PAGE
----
The masculinity of war depends, therefore, on the myth that women are being protected. Spike Peterson has argued that rethinking the meaning of protection is a crucial component of efforts to address problems of world security. By exposing the protector/protected myth we can deepen our understanding of the real victims of direct violence. The National Organization for Women has estimated that up to 90 percent of total casualties in conflicts since 1945 have been civilians, the majority of them women and children. Moreover, as Judith Stiehm points out, if we are to think of men as protectors we must remember they are usually protecting women from other men.
Feminist theory also draws our attention to the issue of domestic violence, which is prevalent but generally underreported and not legislated against in most societies. By pointing to the high incidence of domestic violence in military families and in militarized societies, feminist perspectives can deepen our understanding of the connection between militarism and sexism. Peterson also asserts that the way notions of protection have traditionally been constructed by the state contributes to the reproduction of hierarchies, including gender hierarchies, and hence to the structural violence against which states say they offer protection. Tickner, Anne. 1994. Peace and world security studies: A curriculum guide. 47-8.

This passage needs little work to serve as an explanation for what is happening in Iraq. While some may see Tickner arguing for a conspiracy against women, I see her argument differently. Women tend to bear the brunt of war because military planners unintentionally overlook some of the horrors of war. The main way this overlooking is done is by the militaries assessments of damage. The military is understandably concerned with attrition rates to enemy combatants and less so to the damage done to noncombatants. I will not say the military is callous, however, as I do think they give some concern to non-combatants, but the damage they measure is the damage done by bombs and ammunition. The damage measured is not the damage caused by, for example, the destruction of a dam and the concomitant loss of running water, electricity and the industries powered by the dam – hospitals, pharmaceutical firms, food preparation firms and other essential firms.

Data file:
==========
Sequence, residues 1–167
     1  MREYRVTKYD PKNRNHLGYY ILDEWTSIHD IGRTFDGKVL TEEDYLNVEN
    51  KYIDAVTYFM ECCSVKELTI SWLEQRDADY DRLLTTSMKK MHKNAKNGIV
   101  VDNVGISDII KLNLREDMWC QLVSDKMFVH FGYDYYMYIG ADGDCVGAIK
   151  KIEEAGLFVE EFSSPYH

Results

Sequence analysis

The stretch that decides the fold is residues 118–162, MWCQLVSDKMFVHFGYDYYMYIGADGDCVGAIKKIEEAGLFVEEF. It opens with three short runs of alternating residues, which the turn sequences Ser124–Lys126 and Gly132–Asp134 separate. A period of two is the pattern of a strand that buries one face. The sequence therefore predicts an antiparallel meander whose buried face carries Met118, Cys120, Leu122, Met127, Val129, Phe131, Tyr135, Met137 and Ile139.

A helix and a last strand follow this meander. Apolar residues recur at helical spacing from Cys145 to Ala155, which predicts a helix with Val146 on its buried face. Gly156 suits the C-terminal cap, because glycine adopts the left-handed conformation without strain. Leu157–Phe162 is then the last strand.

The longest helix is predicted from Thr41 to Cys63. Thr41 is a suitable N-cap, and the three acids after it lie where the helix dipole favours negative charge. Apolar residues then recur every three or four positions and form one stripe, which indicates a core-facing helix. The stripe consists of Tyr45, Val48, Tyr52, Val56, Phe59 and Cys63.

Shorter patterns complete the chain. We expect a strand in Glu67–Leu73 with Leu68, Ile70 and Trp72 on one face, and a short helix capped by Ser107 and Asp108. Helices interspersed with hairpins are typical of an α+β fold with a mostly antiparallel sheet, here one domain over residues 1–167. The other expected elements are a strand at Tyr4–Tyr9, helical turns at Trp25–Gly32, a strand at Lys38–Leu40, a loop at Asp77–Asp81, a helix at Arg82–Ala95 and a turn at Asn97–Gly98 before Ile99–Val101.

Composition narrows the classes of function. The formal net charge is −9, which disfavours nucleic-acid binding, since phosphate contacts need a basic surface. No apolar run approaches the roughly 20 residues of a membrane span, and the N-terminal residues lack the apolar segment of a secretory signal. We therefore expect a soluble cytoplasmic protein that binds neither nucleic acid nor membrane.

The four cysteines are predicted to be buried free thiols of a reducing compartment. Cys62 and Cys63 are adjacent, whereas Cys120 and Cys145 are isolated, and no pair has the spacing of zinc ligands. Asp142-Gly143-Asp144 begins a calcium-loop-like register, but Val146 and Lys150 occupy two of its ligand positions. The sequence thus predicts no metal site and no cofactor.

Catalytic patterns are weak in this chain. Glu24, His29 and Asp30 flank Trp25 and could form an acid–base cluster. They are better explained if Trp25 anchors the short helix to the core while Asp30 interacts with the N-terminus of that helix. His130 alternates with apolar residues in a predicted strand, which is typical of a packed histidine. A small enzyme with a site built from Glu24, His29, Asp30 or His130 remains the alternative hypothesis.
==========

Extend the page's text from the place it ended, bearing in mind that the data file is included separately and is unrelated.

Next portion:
Because the military – even the engaged, shocked and awed military – has rations and drugs, it seems the men of that very military are less affected by the disruptions caused by a war. It is also understandable how a military actuary would overlook the cost of these disruptions, since they are not dependent upon such services in their own respect. For example, when ascertaining the cost of destroying a dam in southern Iraq it is understandable that Captain Moore overlooks some things because those aspects of living are not within his realm of experience. I do not know if Tickner goes so far as to claim all war is bad. If she does then I will diverge from her there, as it seems there are times when maybe things can be improved. The problem though is in those assessments of cost and benefit. If history is indicator though, it seems we as a species need some improvement in our calculations.

We can easily see Tickner’s second paragraph at work in Iraq. The US argument all along was to protect the oppressed in Iraq and to liberate them. That message is now being used against us as the insurgents are targeting civilians. While these civilian killings undermine support for the occupation in Iraq, it also damages US credibility abroad as a capable protection force. The occupation in Iraq has ended up hurting, some would say more than Hussein’s Baath Party, those whose original protection was a justification for invasion.